Right to Refuse Unsafe Work

You have the right to refuse unsafe work if you have reasonable cause to believe that to continue to do so would create an undue hazard to the health and safety of any person. The procedure for refusal is outlined in Section 3.12 of the OHS Regulation.



What is an undue hazard? 

"Undue hazard"

A "hazard" is identified in Part 1 of the Regulation as "a thing or condition that may expose a person to a risk of injury or occupational disease." Further, "undue" is defined by the Oxford dictionary as "unwarranted, inappropriate, excessive or disproportionate." Therefore, a thing or condition that may expose a worker to an excessive or unwarranted risk of injury or occupational disease represents an undue hazard for the purposes of section 3.12 of the Regulation.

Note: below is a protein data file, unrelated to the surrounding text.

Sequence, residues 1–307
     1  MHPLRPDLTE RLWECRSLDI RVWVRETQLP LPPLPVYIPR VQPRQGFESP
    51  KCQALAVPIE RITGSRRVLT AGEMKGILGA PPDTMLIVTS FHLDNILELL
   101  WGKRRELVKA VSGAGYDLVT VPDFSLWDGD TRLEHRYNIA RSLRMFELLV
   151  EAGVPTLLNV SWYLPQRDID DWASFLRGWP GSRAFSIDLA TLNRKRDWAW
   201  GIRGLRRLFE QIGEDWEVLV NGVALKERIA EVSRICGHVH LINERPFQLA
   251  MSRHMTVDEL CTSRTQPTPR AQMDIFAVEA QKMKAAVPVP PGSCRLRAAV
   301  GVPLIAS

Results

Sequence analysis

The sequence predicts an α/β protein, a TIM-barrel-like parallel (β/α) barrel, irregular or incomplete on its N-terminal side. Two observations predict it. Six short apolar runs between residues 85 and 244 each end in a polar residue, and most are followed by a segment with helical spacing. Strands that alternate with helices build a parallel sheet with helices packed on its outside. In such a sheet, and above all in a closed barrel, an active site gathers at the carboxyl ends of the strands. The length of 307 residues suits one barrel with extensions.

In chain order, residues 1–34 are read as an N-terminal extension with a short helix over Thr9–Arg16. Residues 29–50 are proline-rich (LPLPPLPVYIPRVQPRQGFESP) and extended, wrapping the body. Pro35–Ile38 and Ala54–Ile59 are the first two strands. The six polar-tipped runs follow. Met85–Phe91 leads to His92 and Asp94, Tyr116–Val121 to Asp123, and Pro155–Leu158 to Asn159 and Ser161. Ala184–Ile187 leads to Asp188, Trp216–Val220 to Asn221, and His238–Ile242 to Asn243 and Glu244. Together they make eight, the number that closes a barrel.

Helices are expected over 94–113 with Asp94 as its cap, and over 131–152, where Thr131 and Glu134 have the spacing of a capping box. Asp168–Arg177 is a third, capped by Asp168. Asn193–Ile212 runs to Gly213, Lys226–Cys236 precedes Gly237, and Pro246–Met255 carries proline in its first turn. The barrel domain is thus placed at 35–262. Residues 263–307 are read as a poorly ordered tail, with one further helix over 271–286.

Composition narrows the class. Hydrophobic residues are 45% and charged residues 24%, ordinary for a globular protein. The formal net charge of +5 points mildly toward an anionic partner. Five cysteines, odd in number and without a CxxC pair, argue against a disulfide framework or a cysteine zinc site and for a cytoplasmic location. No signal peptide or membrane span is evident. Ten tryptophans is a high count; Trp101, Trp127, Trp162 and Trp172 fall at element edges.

What is reasonable cause?

"Reasonable cause to believe"

The use of the term "reasonable" in "reasonable cause to believe" means that the worker must assess the situation as a reasonable person, taking into account relevant and available information and exercising good faith judgment with respect to the hazard with due regard to the worker's training and experience.

"Reasonable cause to believe" and the susceptible worker

Some workers may have an underlying condition which would lead them to suffer an illness or sustain an injury, even though others would not be affected in the same way. In this so-called "susceptible worker" situation, the "objective " test of whether the worker has reasonable cause to believe the work presents an undue hazard is to be applied in the context of the person's specific health condition.

To uphold a work refusal, there needs to be a clear connection between the undue hazard asserted by the susceptible worker, and his or her health condition. As part of the investigation into the refusal, the employer may ask for confirming evidence of the effect of the hazard on the person's condition. While the evidence is being obtained, the worker should be removed from the condition that the worker asserts is an undue hazard.

UPDATED: March 23, 2023

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